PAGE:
I think this is up to you, Nancy. Is the canvas painted so that there is a clear dividing line? If not, then needle blending will work if you use the flosses instead of your Silk N Ivory threads for these areas. I don't think there is much shading between these areas but I'm looking at photos, not the real canvas.

Your idea about the bead for the eye is one I will pursue with a trip to a bead shop.

What follows are some ideas on stitches from my time with stitch books yesterday. The books I used are:

The Canvaswork Encyclopedia by Jane Zimmerman
SuZy's Small Stitches by SuZy Murphy
Favorite Stitches Book 2 by Brenda Hart
Stitches for the Millenium by Brenda Hart

I don't have the Zimmerman book, but perhaps someone visiting Blog does and can comment. I pulled out the other books, though.

For the feathers on the body:
Tie-Down Stitch 489 - Zimmerman p137
Scallop Stitch - Hart's Millenium p90
Plaited Stitch- Small Stitches p103, Zimmerman p111
Small Grounding Stitch - Zimmerman p110
Ray Stitch - Murphy pp145, 146, 147

Looking at the Plaited Stitch, I think it might be too busy for your turkey feathers. The turkey is painted with a great many shades. That makes it busy-looking. I'd go for a calmer stitch myself.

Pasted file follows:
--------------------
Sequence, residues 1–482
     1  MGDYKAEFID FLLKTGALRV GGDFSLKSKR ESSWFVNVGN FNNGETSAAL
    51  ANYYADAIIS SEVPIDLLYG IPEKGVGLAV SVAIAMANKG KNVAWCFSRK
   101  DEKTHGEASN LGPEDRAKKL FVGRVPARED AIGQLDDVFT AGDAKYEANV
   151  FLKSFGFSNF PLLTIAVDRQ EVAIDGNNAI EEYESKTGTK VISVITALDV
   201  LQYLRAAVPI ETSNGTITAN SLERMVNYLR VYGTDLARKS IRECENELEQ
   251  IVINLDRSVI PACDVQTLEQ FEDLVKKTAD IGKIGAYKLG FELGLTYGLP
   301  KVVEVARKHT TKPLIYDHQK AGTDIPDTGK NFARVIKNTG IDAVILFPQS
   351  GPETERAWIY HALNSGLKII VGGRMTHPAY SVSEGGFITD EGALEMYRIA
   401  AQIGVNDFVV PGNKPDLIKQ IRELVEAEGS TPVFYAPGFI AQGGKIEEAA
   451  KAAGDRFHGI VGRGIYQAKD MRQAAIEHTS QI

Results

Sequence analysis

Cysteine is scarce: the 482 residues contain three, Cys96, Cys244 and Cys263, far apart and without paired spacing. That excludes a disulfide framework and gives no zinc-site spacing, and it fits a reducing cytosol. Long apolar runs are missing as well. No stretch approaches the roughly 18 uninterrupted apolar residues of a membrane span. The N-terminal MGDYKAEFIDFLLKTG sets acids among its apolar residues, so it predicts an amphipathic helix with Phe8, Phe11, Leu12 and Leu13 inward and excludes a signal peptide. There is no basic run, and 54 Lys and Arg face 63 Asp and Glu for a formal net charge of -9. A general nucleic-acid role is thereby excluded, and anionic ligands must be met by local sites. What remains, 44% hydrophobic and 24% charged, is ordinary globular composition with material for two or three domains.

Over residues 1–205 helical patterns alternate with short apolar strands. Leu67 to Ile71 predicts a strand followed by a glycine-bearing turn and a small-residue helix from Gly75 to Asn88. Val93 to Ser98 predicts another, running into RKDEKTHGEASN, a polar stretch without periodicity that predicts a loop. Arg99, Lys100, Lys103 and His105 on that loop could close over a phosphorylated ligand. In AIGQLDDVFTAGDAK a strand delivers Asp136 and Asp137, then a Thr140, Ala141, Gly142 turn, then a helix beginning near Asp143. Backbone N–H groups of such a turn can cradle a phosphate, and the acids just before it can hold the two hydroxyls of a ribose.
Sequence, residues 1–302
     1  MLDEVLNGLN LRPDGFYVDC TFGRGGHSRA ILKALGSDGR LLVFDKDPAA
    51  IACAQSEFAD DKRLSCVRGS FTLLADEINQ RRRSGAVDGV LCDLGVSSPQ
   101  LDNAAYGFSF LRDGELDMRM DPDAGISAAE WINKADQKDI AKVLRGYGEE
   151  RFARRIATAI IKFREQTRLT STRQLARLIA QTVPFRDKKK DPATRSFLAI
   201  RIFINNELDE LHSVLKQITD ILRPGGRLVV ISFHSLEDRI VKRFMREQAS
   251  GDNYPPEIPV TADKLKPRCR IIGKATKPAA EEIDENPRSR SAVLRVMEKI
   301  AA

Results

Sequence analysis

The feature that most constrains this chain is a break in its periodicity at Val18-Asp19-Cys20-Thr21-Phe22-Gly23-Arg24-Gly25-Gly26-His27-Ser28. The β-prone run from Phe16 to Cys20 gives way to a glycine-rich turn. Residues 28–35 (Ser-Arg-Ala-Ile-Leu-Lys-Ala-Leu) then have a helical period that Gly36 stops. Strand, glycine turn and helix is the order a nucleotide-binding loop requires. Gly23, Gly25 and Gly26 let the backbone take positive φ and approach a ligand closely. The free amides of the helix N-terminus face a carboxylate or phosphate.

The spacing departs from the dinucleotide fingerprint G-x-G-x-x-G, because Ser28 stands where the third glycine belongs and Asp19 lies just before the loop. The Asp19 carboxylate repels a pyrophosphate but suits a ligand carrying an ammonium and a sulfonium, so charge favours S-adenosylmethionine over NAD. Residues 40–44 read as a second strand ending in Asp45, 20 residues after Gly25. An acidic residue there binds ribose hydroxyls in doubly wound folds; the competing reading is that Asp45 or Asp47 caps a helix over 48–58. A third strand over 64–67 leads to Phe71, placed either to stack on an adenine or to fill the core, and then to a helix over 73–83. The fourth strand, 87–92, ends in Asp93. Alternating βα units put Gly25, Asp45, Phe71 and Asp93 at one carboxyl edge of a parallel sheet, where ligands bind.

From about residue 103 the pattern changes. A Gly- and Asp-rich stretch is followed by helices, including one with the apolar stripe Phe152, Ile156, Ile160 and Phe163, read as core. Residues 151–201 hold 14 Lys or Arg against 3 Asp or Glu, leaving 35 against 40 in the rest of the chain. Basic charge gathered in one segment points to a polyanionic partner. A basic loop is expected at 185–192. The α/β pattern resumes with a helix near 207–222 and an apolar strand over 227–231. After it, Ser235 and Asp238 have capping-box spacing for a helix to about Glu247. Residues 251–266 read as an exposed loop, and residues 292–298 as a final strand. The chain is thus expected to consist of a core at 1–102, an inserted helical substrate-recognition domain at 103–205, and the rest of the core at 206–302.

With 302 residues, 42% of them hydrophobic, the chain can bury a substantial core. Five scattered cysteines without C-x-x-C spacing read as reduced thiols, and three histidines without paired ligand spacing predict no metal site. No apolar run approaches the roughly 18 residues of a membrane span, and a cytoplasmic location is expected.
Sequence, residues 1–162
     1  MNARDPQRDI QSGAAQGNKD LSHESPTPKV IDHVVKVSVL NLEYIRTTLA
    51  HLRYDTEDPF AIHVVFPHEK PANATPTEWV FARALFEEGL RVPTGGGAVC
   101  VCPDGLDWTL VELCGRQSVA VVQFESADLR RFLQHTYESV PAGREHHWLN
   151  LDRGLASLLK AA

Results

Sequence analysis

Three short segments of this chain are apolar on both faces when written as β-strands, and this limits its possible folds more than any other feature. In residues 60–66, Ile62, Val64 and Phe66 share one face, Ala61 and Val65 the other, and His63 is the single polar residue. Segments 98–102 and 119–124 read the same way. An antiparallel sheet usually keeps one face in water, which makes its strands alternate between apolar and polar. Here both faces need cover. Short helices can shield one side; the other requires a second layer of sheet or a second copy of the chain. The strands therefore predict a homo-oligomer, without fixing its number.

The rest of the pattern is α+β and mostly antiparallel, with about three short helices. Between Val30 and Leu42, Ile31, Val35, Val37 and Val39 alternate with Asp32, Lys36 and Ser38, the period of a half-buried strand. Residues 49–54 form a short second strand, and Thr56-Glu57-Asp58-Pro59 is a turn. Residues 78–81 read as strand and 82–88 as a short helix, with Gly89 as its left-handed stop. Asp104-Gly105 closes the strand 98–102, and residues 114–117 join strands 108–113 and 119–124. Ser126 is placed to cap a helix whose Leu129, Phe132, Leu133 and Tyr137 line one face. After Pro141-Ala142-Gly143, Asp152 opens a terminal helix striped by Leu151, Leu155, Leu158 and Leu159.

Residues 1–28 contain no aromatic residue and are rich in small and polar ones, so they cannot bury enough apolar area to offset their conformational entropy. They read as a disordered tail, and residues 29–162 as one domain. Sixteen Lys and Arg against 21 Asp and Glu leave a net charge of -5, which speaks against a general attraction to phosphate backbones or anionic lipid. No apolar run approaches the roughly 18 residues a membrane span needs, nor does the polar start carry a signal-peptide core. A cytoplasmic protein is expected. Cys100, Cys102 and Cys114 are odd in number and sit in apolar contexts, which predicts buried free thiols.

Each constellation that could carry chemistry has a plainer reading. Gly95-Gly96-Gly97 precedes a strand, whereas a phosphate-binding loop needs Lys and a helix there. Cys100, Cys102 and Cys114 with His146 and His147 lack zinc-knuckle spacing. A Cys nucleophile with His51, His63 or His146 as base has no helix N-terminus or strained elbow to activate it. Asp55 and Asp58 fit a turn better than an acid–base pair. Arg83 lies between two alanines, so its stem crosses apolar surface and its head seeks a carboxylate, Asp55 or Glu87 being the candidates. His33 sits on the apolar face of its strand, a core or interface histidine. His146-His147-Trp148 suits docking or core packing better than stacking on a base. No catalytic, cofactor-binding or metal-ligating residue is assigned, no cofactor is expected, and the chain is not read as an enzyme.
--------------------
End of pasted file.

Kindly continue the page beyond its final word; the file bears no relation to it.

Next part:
The Scallop Stitch resembles the painted canvas the most of all the stitches you turned up. It also can be turned to face the side ) or turned to resemble a smile. If you use only 2-3 plies of a floss-type thread, the painted canvas will show some, adding depth to the feathery look.

I like the Ray Stitch but it doesn't really look like your feathers. What do you think about top stitching Ray Stitches on the turkey's head and neck in metallic? You'd just put a few ray stitches here and there instead of the random tent stitches with metallic, thus adding a feathery look on top of the tent stitches that are on his smooth head, neck and the very top of his breast before the canvas turns cream colored.

For the upright tail feathers:
Leaf Stitch - Murphy - pp155, 156
- Hart's Millenium p118
- Zimmerman p149 #'s 541, 542
Tie-Down stitch - Zimmerman p140 #522

Tail Feathers in Close Up